Detail of Icosahedron Within a Dodecahedron from The Platonic Solids Duals, 2016. Courtesy of the artist, Athr and MOCAD.
September 8, 2017-January 7, 2018
For Dana Awartani, a Palestinian-Saudi artist who lives and works in Jeddah, Saudi Arabia, geometric patterns express both the rational and the spiritual parts of us. Using mathematical principles, numerically devised symbols, and traditional Islamic patterning, Awartani creates paintings, installations, sculptures, performances, and textile works that are as rich with meaning as they are beautiful, elegant, and precise. Awartani situates her artistic practice at the juncture between tradition and the now. Though her forms, methodologies, and interests are largely rooted in the study and understanding of traditional Islamic forms, Awartani is also keenly interested in the translation, translocation, and transformation of these forms into our contemporary, global world.
Though the forms explored in Awartani’s artworks are derived from Islamic traditions, part of her interest in these geometries is that they are also universal. Borrowed from and reflected in nature, present in the religious iconographies of many global religions, and reliant upon the rules of mathematics, Awartani’s geometric patterns can be interpreted and appreciated through many different lenses. Striking a careful balance between the conceptual and the technical elements of art practice—Awartani pursued both conventional contemporary fine art as well as traditional arts as a student in London—, Awartani creates hypnotic visual stories that exist in that rich territory between abstraction and representation.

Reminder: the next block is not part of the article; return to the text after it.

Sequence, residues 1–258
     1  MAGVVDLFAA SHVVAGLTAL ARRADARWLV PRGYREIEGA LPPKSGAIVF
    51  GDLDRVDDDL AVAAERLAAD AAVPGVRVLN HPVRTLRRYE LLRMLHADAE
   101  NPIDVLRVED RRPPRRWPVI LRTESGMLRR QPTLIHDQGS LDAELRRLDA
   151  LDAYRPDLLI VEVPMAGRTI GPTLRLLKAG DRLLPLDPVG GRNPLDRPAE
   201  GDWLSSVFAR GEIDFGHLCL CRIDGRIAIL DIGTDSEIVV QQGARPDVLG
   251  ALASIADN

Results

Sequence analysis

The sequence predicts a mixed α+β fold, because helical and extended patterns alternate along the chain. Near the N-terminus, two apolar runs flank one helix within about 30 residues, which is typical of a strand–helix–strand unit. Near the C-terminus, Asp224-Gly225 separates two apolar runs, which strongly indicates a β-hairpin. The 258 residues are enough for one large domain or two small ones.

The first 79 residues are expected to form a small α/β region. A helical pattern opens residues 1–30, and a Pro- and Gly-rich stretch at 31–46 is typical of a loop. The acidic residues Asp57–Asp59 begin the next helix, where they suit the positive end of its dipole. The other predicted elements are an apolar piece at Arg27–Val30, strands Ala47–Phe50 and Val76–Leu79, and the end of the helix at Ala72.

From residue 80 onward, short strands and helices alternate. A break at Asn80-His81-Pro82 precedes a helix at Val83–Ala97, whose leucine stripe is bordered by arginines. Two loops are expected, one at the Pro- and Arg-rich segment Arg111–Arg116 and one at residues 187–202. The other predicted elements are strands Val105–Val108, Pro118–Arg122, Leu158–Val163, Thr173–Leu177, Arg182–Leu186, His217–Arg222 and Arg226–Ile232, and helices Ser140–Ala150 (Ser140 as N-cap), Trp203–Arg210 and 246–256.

In Awartani’s visual world, the curve of a line or the number of points on a star convey specific meanings. Her paintings and installations echo traditional Islamic artworks, which use complex geometric patterns to symbolize the Divine. In the traditional artworks that she aims to revive for our contemporary era, each color, line, shape, and flourish is part of a story; in Awartani’s works, this symbolism remains and is expanded through her own innovations. While so much of her practice focuses on revitalizing the neglected methods of traditional Islamic art, Awartani is not content to replicate the ancient in the present. Her works consider issues relevant to our contemporary moment—like gender, religion, faith, and loss— speaking of the present through the visual language of the past.
Still from I Went Away and Forgot You. A While Ago I Remembered. I Remembered I’d Forgotten You. I Was Dreaming, 2017. Courtesy of the artist, Athr and MOCAD.
DETROIT CITY is comprised of three concurrent series:
Detroit Affinities (exhibition), Detroit Speaks (education), and Detroit Stages (performance). This multi-year research program is one of the most ambitious undertakings to date at MOCAD.
DETROIT CITY is supported by the Ric & Suzanne Kayne Foundation and the John S. and James L. Knight Foundation. Exhibition support is provided by the A. Alfred Taubman Foundation.